The Yik Yak announcement on the website declares the app's return to mobile phones. (Photo courtesy of yikyak.com)
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After four years of silence, Yik Yak, a social media app that critics claimed facilitated racism, discrimination and threats of violence, is back.

The app that lets people within a 5-mile radius anonymously create and view discussion threads is once again active on TCU’s campus.

Yik Yak’s design is simple: people create posts, called “yaks,” that can either be upvoted, downvoted or commented on by other users. Users receive reputation points, called “yakarma,” when their posts are commented on or upvoted multiple times. The points are also kept anonymous to other users. Users can pay an additional fee to reach a wider span of users beyond the 5-mile radius.

At TCU, some posts discuss upcoming events on and off campus. Others capture users’ opinions on topics regarding life on TCU campus, such as favorite places to dine on campus or offer advice to other students.

The app was launched in November of 2013. Co-founders Tyler Droll and Brooks Buffington, graduates of Furman University in Greenville, South Carolina, designed Yik Yak to connect and provide a voice to college students on campuses. But the app quickly faced scrutiny by college administrators and others who said it allowed users to attack others anonymously.

This isn’t the first time that Yik Yak has made an appearance on TCU’s campus. Yik Yak originally hit campus in early March 2014, spreading quickly among students. Students created and posted hundreds of posts each day, but the app was scorned after some users began making racists comments during the Baltimore riots of 2015. Two years later, after a drop in users, the app was shuttered.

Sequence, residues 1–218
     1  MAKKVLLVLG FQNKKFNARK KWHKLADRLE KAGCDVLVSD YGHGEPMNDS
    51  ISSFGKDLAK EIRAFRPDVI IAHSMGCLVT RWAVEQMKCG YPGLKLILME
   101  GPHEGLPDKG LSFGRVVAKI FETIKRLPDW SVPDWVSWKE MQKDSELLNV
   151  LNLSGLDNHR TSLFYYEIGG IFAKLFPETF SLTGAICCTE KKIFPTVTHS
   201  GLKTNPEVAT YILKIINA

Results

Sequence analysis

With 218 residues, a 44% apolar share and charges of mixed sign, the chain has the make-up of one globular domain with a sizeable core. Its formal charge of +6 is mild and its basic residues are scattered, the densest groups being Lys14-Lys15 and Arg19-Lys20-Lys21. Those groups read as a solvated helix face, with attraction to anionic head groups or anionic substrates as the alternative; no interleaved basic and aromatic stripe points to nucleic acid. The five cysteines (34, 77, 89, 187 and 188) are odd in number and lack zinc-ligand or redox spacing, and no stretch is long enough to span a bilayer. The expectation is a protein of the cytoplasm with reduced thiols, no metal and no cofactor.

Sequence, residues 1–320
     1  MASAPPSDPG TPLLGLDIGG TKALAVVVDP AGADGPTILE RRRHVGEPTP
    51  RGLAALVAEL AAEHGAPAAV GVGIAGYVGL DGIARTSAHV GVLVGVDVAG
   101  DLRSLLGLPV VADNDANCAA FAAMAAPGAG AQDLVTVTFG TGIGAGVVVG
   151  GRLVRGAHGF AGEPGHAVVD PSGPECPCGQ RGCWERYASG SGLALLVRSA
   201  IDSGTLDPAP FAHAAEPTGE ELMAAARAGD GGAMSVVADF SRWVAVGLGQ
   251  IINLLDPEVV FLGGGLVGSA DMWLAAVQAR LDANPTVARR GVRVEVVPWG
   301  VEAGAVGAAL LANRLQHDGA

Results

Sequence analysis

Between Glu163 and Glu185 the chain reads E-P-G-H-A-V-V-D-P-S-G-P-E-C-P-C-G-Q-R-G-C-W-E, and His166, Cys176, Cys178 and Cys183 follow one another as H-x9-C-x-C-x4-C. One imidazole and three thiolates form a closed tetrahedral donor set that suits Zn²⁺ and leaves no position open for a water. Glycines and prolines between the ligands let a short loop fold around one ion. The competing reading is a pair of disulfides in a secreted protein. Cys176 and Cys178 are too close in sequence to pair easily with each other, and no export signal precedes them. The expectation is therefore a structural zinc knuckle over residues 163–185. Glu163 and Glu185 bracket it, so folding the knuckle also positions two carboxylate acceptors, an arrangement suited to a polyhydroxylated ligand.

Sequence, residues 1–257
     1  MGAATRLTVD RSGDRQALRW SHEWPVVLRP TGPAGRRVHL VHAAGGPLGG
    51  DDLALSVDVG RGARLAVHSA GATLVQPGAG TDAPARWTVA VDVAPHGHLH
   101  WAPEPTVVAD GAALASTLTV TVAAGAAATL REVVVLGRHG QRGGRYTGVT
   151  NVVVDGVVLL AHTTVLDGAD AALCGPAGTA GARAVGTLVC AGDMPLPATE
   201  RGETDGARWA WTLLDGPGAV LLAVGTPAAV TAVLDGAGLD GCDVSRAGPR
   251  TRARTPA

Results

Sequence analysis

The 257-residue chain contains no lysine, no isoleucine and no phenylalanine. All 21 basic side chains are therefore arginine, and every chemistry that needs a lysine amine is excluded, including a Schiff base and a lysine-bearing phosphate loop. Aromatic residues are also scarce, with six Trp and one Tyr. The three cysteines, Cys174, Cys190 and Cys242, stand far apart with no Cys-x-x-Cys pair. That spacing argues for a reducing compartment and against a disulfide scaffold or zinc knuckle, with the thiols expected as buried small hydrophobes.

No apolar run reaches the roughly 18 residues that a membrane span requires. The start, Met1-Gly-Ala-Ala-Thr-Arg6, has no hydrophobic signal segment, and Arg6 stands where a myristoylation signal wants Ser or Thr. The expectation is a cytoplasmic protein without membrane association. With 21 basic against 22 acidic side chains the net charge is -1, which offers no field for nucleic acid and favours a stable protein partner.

Several students at schools and universities across the United States petitioned for geo-fences or the app to be banned, according to the New York Times. In August of 2016, the company decided to backpedal on its claim to fame and force users to use usernames for their posts, according to Newsweek. By 2017, Yik Yak was shut down.

The company used to be worth $400 million at one time, according to Forbes, but its stock quickly dropped because of death threats, bomb threats, school shooter threats, bullying, harassment, racism and more.

According to the app’s website, its new owners, digital payment processor Square Inc., purchased Yik Yak for $1 million in February with a promise to take a stronger stand against cyberbullying and abuse.

Yik Yak added a “Mental Health Resources page, along with a “Community Guardrails” section on their site. The site also said there are now policies regarding “bullying and hate speech,” but in the past weeks, there have been conversations that single out Greek organizations or talk about specific people.

Many students question the effectiveness of these new policies set in place.

Students have posted direct threats at sororities and fraternities on campus. (Photo courtesy of Katharine Vaughn)

“I feel like, with any social media platform, cyberbullying is bound to happen in some form, and it is pretty hard to identify and regulate,” said Wyatt Sauer, a sophomore business major. “With Yik Yak posting being completely anonymous, I feel like harassment is much more prevalent and harder to prevent, no matter what measures you have in place,” he said.

Most common are posts targeting individuals and those affiliated with Greek life. There are also posts that spread rumors about individuals using first and last names. Sororities and fraternities are subject to name-calling, criticism and harassment.

One user posted, “least favorite sorority … go,” which was followed by multiple comments naming sororities on campus.

“The app allows for cyberbullying in a way that hasn’t been seen before at TCU. Although entertaining, this app can hurt individuals’ feelings when their names are mentioned,” said Lauren Chavez, a sophomore strategic communications major.

But there are no usernames, no real names, no accounts and no profile photos of those posting.

“In high school, similar apps were used that were banned,” Chavez remarked. “I believe that same thing will happen here at TCU eventually – it’s just a matter of time.”

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